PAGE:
The 2019 Hugo Award nominees have been announced; the Hugos will be presented this summer at the 2019 World Science Fiction Convention in Dublin, Ireland.
For two years now, Brian K Vaughan and Cliff Chiang have been knocking my socks off with their Paper Girls graphic novel, a mysterious, all-girl, Stranger-Things-esque romp through 1980s pop culture, time travel, conspiracies, clones, paradoxes, and you know, all that amazing coming-of-age/friendship-is-magic jazz. — Read the rest
The 2017 Hugo nominees were announced yesterday; attendees at this year's World Science Fiction Convention in San Jose, California will choose from among them to pick this year's Hugo Award winners.
Saga is the best space opera in comics, a masterpiece of serial storytelling from Fiona Staples and Brian K Vaughan, whose character designs -- a cross between Vaughn Bode and the Mos Eisley Cantina -- and fearless war-scenes combine with masterful cliff-hanger storytelling to weave a tale that hurts even as it makes you bellow with laughter. The eighth collection in the series ships today and the story shows no sign of slowing down.
The FCC is only allowed to change existing policies if they can show evidence of some change in facts, so at yesterday's bomb-threat haunted hearing to destroy Net Neutrality, Trump FCC Chairman Ajit Pai and his Republican colleagues made a pro-forma recitation of the reasons justifying his extreme actions.
Brian K Vaughan and artists Marcos Martin and Muntsa Vicente started syndicating The Private Eye just before the first Snowden revelations hit, which was a fortuitous bit of timing for them, since their surreal science fictional tale was set in a future where the rupture of all internet security had provoked humanity into banning the internet altogether, replacing it with a world where cable news was so dominant that the police had been replaced by reporters.
Saga is Brian K Vaughan and Fiona Staples' magnificent, visually stunning, adventurous, funny, raunchy, complex and provocative graphic novel; the first six volumes of collected comics moved from strength to strength, fleshing out a universe that was simultaneously surreal and deadly serious, where cute characters could have deadly-serious lives: now, with volume 7, Staples and Vaughan continue their unbroken streak of brilliance.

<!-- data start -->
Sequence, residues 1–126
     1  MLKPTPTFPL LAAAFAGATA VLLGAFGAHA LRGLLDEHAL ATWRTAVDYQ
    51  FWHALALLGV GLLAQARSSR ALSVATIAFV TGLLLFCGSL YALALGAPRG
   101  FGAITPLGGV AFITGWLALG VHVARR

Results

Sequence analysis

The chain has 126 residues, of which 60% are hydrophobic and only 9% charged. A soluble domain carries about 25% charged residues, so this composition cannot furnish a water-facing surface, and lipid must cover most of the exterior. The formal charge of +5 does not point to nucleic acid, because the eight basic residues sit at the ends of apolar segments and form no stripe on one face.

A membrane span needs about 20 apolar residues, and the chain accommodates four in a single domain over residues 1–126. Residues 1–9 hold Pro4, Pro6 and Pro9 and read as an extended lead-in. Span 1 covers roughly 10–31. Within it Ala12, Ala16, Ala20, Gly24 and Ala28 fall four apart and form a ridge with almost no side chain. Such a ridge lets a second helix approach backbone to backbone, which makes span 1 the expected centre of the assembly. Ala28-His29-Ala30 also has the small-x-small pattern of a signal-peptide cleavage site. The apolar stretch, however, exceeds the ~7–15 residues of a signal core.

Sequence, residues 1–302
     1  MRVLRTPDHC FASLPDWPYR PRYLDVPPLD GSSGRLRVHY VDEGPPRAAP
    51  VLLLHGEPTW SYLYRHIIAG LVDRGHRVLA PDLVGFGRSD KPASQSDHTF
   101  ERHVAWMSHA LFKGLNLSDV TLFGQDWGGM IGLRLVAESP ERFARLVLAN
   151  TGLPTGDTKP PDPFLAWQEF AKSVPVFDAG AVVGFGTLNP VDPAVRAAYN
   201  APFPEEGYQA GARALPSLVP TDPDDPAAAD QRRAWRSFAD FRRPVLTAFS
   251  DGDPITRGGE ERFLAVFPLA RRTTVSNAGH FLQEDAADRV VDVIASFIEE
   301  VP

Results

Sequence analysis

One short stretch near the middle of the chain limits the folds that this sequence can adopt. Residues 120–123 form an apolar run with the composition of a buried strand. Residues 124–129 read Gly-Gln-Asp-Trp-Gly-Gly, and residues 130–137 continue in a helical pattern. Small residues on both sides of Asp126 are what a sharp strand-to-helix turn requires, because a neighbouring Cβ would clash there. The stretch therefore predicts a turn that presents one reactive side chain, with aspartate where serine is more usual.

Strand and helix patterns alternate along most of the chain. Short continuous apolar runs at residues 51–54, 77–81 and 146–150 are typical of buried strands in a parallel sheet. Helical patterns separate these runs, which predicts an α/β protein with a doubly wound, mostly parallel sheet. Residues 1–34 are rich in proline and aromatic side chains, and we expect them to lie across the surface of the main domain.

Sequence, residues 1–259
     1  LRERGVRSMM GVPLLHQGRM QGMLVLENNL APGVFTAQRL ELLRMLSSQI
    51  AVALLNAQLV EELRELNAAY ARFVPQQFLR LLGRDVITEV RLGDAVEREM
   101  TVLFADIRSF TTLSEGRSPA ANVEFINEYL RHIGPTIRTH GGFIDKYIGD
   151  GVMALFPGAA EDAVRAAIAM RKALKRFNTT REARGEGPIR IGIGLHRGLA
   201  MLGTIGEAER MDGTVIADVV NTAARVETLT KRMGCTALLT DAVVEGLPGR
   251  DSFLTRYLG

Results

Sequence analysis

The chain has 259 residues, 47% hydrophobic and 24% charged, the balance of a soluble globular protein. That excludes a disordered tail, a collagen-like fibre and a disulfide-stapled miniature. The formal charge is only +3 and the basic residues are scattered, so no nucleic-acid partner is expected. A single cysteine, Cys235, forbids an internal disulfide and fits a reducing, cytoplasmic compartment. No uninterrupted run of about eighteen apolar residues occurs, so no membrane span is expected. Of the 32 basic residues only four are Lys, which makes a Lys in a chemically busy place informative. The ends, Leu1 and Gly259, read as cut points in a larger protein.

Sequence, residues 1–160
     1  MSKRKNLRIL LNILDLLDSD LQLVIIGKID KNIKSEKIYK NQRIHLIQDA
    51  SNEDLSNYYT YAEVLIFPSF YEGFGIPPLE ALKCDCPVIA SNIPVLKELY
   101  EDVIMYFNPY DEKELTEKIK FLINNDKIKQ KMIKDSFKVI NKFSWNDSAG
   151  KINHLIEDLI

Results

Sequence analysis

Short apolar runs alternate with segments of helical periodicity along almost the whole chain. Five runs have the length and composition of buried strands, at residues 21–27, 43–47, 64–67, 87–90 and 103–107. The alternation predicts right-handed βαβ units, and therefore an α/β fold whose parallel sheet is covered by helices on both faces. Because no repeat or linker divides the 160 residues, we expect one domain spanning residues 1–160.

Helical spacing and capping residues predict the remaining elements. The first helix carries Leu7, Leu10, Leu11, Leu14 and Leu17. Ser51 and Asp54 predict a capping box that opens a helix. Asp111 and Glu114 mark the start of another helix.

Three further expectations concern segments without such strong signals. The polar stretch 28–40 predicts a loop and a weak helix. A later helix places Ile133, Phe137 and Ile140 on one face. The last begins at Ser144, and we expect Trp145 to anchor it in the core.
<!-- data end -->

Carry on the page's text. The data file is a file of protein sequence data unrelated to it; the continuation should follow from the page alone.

Brian K Vaughan is one of my very favorite comics creators, though the erratic schedule of Saga, the psychedelic, sexy space opera he and Fiona Staples created has frustrated me at times -- and then I remember that Vaughan is so erratic because he's so busy, creating new titles like 2015's Paper Girls, which Image Comics began to collect in two volumes this year: Book 1 last April, and Book 2 on December 6.
Brian K Vaughan and Fiona Staples' comic Saga blew the lid off comics when they started publishing it with the creator-friendly folks at Image, producing two graphic novels' worth of material in as many years; but then there was the long drought while we waited for book three (spoiler: worth the wait), and since then, they've hit a driving, relentless annual schedule, culminating in the publication, last week, of Volume 6, which is all that we've come to love from the series and then some.